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Ballistic missile submarines

A ballistic missile submarine is a submarine equipped to launch ballistic missiles (SLBMs), such as the Russian R-29 or the American/British Trident.

Although some early models had to surface to launch their missiles, modern vessels typically launch while submerged at keel depths usually less than 50 meters (164 feet). Ballistic missile submarines differ from attack submarines and cruise missile submarines; while attack submarines specialise in combat with other naval vessels (including enemy submarines and merchant shipping), and cruise missile submarines are designed to attack large warships and tactical targets on land, the primary mission of the ballistic missile is nuclear deterrence. Accordingly, the mission profile of a ballistic missile submarine concentrates on remaining undetected, rather than aggressively pursuing other vessels.

Ballistic missile submarines are designed for stealth, to avoid detection at all costs. They use many sound-reducing design features, such as anechoic tiles on their hull surfaces, carefully designed propulsion systems, and machinery mounted on vibration damping mounts.

The need to accommodate SLBMs means that ballistic missile submarines are larger than all other classes of submarine. The most obvious examples of this were the later Russian Navy Delta III and IV classes, as well as the Typhoon-class and the American Ohio-class.

SSBN is the United States Navy's hull classification symbol for a nuclear-powered, ballistic nuclear missile-carrying submarine. In US naval slang, ballistic missile submarines are called "boomers", while in Britain, they are referred to as "bombers".

SSBN is a designation for Ballistic Missile Submarines (Nuclear Powered), as set forth in [SECNAVINST 5030.8] [1].

The French Navy strategic nuclear submarines are designated "SNLE", for Sous-marin Nucléaire Lanceur d'Engins ("Device-Launching Nuclear Submarine").

Many navies use two crews per boat to maximize patrol time. In the U.S. Navy, the two crews are called blue crew and gold crew. In the Royal Navy, the two crews are called port crew and starboard crew. The French Navy uses blue and red for its crews.

Ballistic missile submarines equipped with nuclear warheads also serve as the third leg of the nuclear triad. The invisibility and mobility of submarines not only gives the provided nation with a reliable means of deterrence against an attack but also a surprise first strike capability.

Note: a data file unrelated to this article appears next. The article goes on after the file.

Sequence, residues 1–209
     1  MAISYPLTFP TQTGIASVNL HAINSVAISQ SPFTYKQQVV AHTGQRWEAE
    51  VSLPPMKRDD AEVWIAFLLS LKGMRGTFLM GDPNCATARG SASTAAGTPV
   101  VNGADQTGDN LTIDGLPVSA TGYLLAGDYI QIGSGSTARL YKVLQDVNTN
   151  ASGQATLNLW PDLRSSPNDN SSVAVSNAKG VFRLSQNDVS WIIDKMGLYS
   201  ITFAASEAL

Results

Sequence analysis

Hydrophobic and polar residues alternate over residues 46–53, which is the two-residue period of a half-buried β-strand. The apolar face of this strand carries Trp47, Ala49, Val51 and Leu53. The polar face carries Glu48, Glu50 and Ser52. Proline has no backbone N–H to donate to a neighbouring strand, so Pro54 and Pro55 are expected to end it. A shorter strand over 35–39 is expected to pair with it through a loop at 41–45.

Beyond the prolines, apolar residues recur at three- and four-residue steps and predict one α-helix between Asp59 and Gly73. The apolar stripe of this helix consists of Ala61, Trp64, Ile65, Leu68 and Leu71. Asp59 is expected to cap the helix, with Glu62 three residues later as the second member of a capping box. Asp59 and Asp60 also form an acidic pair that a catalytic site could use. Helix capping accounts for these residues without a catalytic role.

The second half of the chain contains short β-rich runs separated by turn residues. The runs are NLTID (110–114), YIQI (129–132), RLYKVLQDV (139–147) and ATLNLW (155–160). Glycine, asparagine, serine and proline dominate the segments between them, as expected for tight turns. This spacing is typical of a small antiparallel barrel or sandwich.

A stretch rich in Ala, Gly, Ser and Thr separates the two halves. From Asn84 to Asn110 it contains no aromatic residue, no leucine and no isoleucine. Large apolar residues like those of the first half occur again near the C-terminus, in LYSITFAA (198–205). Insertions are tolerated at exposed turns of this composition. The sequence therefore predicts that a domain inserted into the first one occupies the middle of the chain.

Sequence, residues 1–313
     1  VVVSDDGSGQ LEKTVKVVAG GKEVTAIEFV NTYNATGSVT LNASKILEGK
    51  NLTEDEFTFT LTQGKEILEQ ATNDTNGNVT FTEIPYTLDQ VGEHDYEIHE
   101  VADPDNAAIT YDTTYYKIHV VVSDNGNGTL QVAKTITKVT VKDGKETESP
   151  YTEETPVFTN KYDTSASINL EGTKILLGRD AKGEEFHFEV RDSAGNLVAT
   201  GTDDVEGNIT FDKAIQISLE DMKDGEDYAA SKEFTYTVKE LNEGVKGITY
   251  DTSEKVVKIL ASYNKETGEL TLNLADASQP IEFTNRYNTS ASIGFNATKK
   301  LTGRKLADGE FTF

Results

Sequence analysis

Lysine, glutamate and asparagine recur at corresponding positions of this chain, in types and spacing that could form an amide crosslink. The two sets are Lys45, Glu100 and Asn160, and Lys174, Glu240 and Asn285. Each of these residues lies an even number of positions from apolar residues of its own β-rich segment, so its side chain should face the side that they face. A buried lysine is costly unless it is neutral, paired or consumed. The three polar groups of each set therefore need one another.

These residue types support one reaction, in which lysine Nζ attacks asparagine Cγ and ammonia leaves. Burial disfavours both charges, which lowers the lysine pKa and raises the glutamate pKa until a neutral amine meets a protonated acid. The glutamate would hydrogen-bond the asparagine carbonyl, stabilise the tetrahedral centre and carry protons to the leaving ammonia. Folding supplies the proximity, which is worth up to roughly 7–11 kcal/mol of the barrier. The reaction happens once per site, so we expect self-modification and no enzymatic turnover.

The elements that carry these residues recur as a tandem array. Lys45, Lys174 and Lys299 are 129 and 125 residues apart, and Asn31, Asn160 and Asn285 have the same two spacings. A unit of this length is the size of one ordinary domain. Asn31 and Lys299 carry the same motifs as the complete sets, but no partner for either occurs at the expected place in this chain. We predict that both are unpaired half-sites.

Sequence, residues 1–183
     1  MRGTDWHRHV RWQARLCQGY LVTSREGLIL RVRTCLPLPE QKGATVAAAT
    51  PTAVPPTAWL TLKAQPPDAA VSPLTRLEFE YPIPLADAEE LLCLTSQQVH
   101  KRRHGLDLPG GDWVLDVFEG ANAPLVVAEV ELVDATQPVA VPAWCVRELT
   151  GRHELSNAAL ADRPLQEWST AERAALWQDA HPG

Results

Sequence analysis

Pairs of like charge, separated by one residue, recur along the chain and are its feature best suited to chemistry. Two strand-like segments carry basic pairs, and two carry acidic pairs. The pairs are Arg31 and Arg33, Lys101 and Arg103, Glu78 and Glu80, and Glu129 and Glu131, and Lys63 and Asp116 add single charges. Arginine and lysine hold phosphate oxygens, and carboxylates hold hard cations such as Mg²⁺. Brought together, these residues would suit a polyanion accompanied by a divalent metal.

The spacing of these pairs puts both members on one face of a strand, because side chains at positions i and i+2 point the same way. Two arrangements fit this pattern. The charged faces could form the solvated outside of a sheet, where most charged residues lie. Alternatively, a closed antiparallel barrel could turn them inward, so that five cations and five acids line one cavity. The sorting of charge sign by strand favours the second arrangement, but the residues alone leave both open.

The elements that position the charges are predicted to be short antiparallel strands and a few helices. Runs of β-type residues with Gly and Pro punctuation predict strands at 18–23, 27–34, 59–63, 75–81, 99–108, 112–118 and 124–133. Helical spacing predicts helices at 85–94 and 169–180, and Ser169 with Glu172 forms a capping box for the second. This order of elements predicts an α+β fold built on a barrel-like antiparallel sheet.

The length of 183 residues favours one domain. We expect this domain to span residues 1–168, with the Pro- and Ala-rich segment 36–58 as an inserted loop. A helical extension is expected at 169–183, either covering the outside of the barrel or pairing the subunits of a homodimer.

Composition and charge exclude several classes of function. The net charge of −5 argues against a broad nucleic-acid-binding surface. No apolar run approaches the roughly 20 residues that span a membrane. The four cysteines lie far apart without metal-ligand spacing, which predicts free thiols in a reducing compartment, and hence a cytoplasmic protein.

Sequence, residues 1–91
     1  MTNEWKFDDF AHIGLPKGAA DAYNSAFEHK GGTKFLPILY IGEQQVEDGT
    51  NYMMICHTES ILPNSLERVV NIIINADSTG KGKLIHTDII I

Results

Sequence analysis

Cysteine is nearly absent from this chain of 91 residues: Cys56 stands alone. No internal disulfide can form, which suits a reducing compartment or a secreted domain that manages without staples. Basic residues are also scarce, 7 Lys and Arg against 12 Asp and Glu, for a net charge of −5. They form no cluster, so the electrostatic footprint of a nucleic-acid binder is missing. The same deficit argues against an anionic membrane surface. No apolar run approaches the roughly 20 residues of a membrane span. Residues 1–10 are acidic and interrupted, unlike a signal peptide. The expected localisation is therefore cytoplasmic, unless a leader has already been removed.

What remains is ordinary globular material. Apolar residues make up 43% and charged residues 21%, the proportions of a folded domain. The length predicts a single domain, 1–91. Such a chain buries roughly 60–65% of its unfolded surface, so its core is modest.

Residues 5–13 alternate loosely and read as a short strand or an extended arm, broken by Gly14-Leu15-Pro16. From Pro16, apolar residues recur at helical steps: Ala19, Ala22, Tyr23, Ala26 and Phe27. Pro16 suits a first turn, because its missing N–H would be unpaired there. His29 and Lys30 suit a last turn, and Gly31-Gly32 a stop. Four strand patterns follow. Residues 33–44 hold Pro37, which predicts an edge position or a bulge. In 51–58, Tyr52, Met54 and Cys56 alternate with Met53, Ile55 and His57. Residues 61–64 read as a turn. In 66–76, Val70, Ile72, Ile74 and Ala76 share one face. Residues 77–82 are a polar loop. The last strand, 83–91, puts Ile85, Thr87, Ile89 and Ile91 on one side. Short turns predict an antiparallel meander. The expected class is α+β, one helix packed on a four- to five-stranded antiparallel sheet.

Ballistic missile submarines are specially designed to carry and launch intercontinental nuclear-tipped missiles from vertical launching tubes. An American Ohio class ballistic missile submarine is 170.7 m (560 ft) long—much longer than an attack sub—and carries a crew of 163. These submarines form part of a country’s strategic nuclear force. Military strategists use the threat of a retaliatory submarine-launched missile attack to deter an enemy from starting a nuclear war.

The strategy is simple: Even if the aggressor were able to destroy all of its enemy’s land-based missiles in a first-strike, the enemy’s ballistic missile submarines could deliver a devastating counter-blow, thus assuring what defense planners have called mutual assured destruction. Because of their mission to deter attack on their respective countries, ballistic missile submarines are designed to operate with extreme quiet in deep ocean patrol and evade detection during their patrols, which last from a few weeks to as many as 70 days at sea. Since an enemy cannot detect these subs, they pose a constant threat to a potential aggressor.

The U.S. Navy also operates several smaller submarine-type underwater vessels. These are much smaller than submarines, and are used for military research, underwater rescue, and salvage operations. For information on these and other underwater vehicles, see Submersible Craft.

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